Now back to our example, because the asymptotic covariance matrix associated with the LSE of is proportional to , the most popular regression design criterion is D-optimality, where designs are sought to minimize the determinant of . And the standardized predicted variance function, corresponding to the G-optimality, is
and G-optimality seeks to minimize .
A central result in the theory of optimal design, the General Equivalence Theorem, asserts that the design that is D-optimal is also G-optimal and that
the number of parameters.
Now the optimal design for an interference model, professor Wei Zheng will talk about, considers the following model in the block designs with neighbor effects:
where is the treatment assigned to the plot in the -th position of the -th block, and
We seed the optimal design among designs , the set of all designs with blocks of size and with treatments.
I am not going into the details of the derivation of the optimal design for the above interference model. I just sketch the outline here. First of all we can write down the information matrix for the direct treatment effect , say . Let be the set of all possible block sequences with replacement, which is the design space. Then we try to find the optimal measure among the set to maximize for a given function satisfying the following three conditions:
A measure which achieves the maximum of among for any satisfying the above three conditions is said to be universally optimal. Such measure is optimal under criteria of A, D, E, T, etc. Thus we could imagine that all of the analysis is just linear algebra.
As a CS prof at MIT, I have had the privilege of working with some of the very best PhD students anywhere. But even here there are some PhDs that clearly stand out as *great*. I’m going to give two answers, depending on your interpretation of “great”.
For my first answer I’d select four indispensable qualities:
0. intelligence
1. curiosity
2. creativity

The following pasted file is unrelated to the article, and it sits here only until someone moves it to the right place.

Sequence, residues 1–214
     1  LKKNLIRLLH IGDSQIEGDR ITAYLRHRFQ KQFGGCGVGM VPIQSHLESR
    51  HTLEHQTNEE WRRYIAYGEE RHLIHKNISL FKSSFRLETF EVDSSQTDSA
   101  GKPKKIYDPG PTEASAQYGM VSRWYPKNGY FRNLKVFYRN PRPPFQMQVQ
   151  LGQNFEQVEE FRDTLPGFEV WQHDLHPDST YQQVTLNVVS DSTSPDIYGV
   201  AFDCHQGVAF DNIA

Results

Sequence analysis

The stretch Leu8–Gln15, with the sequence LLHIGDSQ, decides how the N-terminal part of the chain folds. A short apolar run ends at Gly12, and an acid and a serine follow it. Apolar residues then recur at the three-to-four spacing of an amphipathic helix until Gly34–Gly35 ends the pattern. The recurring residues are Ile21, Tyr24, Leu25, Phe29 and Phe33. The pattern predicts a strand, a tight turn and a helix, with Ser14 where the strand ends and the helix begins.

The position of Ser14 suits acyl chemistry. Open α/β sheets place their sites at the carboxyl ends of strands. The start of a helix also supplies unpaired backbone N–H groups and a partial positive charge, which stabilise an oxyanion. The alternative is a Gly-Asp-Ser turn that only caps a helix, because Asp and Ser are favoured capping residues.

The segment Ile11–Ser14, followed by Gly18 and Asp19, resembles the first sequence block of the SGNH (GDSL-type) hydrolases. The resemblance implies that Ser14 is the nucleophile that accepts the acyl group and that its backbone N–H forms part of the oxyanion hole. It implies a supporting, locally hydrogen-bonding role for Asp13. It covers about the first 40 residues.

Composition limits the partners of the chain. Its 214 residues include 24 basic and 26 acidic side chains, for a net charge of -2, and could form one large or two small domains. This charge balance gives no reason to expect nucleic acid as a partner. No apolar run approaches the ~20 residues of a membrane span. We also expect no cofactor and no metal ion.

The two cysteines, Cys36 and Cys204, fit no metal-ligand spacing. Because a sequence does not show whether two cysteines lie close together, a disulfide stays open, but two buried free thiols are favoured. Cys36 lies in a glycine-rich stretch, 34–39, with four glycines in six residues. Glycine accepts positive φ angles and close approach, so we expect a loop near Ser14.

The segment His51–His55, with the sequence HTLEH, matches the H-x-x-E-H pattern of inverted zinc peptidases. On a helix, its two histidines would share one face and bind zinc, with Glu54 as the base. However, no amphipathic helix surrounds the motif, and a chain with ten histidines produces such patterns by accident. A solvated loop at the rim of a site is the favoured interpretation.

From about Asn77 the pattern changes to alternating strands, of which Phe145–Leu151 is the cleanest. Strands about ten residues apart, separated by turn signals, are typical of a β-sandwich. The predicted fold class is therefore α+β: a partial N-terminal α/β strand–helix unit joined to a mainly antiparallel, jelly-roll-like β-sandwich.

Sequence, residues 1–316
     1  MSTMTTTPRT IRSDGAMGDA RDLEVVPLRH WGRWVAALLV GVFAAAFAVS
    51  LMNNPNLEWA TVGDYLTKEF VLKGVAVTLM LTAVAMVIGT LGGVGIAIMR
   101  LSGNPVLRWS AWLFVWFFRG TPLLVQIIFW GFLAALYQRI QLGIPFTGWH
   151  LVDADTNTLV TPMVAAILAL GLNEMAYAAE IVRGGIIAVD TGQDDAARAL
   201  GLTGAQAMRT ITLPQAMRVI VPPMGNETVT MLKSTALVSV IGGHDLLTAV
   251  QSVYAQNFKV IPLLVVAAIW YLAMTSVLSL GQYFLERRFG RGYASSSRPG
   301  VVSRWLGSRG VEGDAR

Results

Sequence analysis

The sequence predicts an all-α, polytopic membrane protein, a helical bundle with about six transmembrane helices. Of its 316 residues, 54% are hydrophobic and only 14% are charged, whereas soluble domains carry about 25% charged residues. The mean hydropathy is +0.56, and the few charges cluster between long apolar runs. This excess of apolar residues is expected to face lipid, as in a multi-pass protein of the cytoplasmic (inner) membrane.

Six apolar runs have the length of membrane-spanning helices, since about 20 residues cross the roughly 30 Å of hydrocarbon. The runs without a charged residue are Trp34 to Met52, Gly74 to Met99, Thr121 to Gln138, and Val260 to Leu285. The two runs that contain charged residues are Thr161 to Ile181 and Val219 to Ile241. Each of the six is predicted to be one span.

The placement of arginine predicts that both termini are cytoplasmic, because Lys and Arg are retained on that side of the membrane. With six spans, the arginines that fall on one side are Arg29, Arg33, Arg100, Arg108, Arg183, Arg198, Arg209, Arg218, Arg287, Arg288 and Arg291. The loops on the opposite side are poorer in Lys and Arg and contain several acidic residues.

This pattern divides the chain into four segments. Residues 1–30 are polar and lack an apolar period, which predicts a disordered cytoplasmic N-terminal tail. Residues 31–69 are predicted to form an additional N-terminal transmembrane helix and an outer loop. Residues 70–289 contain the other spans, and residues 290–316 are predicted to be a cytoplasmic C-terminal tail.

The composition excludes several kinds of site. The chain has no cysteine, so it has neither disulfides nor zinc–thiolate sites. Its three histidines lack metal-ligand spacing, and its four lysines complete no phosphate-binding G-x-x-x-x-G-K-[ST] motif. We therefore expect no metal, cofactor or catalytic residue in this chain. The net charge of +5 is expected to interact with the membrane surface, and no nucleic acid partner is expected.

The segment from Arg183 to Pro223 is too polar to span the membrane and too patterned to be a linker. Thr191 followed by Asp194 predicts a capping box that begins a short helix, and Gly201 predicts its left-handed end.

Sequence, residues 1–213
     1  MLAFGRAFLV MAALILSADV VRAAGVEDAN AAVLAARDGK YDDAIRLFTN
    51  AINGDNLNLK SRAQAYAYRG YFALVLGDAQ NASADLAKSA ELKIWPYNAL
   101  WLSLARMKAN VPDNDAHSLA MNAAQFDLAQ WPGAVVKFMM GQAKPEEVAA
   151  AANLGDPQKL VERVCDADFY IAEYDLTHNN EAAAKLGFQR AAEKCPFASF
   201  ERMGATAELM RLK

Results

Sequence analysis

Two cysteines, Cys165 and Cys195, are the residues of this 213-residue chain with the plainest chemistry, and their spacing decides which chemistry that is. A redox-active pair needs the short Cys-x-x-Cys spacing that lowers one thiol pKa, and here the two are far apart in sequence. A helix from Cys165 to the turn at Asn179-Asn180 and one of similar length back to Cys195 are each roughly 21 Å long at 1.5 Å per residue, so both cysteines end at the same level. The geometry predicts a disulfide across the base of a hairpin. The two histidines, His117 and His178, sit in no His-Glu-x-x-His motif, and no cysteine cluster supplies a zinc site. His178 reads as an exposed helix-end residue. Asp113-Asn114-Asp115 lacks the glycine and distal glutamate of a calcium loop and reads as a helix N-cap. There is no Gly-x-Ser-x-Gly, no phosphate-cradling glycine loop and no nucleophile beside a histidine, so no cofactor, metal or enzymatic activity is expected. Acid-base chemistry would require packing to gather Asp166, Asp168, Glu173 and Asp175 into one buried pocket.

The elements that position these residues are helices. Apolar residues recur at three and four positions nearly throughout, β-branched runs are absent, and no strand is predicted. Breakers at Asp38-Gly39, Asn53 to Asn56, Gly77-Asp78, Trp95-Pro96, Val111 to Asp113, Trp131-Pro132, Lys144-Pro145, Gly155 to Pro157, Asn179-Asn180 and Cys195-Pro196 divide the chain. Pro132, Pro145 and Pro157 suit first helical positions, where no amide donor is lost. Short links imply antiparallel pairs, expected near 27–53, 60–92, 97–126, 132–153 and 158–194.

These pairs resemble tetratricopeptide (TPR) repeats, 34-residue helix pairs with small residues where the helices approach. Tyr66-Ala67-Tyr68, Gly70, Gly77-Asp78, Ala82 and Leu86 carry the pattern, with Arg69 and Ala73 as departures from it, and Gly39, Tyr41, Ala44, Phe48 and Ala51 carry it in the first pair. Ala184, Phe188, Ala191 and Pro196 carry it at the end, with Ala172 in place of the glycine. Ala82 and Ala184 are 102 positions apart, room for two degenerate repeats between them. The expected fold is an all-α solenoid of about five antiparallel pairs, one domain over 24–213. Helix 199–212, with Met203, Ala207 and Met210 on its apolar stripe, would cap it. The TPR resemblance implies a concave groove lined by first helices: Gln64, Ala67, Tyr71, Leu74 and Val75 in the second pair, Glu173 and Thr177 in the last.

3. discipline and productivity
(interestingly, I’d say the same four qualities characterize great artists).
In the “nice to have but not essential” category, I would add
4. ability to teach/communicate with an audience
5. ability to communicate with peers
The primary purpose of PhD work is to advance human knowledge. Since you’re working at the edge of what we know, the material you’re working with is hard—you have to be smart enough to master it (intelligence). This is what qualifying exams are about. But you only need to be smart *enough*—I’ve met a few spectacularly brilliant PhD students, and plenty of others who were just smart enough. This didn’t really make a difference in the quality of their PhDs (though it does effect their choice of area—more of the truly brilliant go into the theoretical areas).
But intelligence is just a starting point. The first thing you actually have to *do* to advance human knowledge is ask questions about why things are the way they are and how they could be made better (curiosity). PhD students spend lots of time asking questions to which they don’t know the answer, so you’d better really enjoy this. Obviously, after you ask the questions you have to come up with the answers. And you have to be able to think in new directions to answer those questions (creativity). For if you can answer those questions using tried and true techniques, then they really aren’t research questions—they’re just things we already know for which we just haven’t gotten around to filling in the detail.
These two qualities are critical for a great PhD, but also lead to one of the most common failure modes: students who love asking questions and thinking about cool ways to answer them, but never actually *do* the work necessary to try out the answer. Instead, they flutter off to the next cool idea. So this is where discipline comes in: you need to be willing to bang your head against the wall for months (theoretician) or spend months hacking code (practitioner), in order to flesh out your creative idea and validate it. You need a long-term view that reminds you why you are doing this even when the fun parts (brainstorming and curiosity-satisfying) aren’t happening.